WASHINGTON (Reuters) – The day after he single-handedly delayed the U.S. Senate’s debate on President Joe Biden’s $1.9 trillion COVID-19 relief bill for 11 hours, Republican Senator Ron Johnson said on Friday that he could retire from office when his term expires.
The two-term Republican told Wisconsin media outlets that he has not decided whether to run for reelection in 2022 but added that not seeking another term is “probably my preference now.”
Johnson, a Trump ally, recently drew widespread criticism by peddling a debunked conspiracy theory that leftists posing as Trump supporters played a role in the deadly Jan. 6 attack on the U.S. Capitol. Political analysts say his seat could be vulnerable to Democrats next year.
The 65-year-old Republican, who was first elected to the Senate during the Tea Party surge in 2010, had pledged to spend only two terms in the Senate.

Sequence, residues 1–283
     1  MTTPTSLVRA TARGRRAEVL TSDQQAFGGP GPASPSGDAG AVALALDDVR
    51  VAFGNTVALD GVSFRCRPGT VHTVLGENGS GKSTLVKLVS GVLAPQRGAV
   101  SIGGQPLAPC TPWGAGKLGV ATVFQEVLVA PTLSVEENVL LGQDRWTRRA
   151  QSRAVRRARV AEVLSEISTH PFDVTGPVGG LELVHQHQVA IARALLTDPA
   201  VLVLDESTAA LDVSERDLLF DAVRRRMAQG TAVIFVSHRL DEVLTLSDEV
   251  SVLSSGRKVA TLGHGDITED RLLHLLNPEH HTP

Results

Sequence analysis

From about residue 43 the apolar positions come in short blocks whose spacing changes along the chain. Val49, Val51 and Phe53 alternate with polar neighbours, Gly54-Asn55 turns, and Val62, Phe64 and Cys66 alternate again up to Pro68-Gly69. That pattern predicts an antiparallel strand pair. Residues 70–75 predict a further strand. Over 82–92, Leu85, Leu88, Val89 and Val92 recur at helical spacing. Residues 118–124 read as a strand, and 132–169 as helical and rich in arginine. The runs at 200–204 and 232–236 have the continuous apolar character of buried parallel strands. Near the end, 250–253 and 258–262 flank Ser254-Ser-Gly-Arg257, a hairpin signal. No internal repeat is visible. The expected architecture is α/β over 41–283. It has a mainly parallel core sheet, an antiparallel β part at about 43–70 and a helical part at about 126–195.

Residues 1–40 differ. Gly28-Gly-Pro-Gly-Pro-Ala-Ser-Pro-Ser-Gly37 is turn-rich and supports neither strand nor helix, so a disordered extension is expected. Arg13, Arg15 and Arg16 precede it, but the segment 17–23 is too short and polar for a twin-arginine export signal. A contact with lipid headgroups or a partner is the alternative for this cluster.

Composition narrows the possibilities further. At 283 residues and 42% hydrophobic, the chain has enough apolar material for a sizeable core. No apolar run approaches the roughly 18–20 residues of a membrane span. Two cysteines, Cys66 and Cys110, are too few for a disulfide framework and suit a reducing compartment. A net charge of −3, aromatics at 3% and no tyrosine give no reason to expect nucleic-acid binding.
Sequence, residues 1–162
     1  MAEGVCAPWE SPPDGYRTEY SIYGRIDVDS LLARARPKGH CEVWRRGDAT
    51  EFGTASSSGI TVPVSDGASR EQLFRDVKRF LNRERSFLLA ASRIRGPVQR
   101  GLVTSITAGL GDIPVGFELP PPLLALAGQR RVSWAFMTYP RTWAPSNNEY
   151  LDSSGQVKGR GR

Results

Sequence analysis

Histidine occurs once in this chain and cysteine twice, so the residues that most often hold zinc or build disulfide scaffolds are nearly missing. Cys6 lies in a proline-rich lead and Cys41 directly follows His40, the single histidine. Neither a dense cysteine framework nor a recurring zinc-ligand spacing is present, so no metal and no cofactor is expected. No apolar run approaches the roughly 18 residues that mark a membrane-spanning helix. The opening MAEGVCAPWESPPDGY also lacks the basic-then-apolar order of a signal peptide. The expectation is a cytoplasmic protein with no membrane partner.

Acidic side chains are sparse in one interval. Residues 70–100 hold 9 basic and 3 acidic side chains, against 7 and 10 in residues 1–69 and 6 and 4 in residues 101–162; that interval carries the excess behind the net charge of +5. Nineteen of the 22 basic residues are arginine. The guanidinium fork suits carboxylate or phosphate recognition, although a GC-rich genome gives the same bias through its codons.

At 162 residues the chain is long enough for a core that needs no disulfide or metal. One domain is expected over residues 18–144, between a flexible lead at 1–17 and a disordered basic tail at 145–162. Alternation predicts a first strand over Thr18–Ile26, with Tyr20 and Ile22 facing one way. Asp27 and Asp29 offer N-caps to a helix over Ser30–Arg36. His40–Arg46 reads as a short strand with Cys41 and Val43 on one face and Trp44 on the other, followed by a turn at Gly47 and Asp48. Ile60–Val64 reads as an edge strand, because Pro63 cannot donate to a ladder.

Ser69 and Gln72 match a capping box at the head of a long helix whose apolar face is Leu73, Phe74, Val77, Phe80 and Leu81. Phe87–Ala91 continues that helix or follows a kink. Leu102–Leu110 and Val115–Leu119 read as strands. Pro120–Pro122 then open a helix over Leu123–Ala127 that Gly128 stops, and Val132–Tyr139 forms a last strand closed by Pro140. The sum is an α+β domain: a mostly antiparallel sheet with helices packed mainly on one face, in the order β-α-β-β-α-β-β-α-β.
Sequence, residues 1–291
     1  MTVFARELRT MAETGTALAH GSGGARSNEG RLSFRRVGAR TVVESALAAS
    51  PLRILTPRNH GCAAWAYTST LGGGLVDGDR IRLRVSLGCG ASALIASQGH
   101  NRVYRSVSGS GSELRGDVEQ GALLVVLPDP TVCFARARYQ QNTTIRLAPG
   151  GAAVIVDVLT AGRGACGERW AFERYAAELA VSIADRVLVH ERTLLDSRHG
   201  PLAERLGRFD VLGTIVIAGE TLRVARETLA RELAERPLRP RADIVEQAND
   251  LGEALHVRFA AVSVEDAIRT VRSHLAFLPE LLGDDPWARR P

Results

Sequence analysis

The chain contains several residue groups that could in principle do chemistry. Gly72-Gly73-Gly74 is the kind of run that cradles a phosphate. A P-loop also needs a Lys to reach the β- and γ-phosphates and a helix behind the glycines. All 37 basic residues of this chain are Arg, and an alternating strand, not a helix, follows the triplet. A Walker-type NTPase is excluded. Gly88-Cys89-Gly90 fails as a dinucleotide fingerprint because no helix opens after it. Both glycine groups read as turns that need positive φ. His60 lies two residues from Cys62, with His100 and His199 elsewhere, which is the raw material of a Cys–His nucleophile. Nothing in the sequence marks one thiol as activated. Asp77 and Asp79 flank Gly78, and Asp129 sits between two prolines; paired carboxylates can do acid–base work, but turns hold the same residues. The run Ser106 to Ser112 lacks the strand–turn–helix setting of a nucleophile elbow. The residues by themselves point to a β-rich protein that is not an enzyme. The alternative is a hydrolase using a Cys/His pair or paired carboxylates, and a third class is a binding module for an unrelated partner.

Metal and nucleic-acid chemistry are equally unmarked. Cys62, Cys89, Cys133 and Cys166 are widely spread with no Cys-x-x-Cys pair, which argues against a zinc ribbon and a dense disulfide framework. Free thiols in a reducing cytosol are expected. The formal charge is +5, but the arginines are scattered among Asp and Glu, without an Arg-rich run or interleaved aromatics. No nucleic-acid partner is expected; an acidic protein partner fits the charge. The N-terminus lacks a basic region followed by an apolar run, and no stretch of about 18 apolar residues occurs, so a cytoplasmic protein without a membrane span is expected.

“That pledge is on my mind, it was my preference then, I would say it’s probably my preference now,” Johnson told reporters. “I’m happy to go home.”
But he added a caveat. “I think that pledge was based on the assumption we wouldn’t have Democrats in total control of government and we’re seeing what I would consider the devastating and harmful effects of Democrats’ total control just ramming things through,” the Wisconsin State Journal quoted him as saying.
A day after forcing marathon bill reading, Johnson says ‘preference’ to leave Senate
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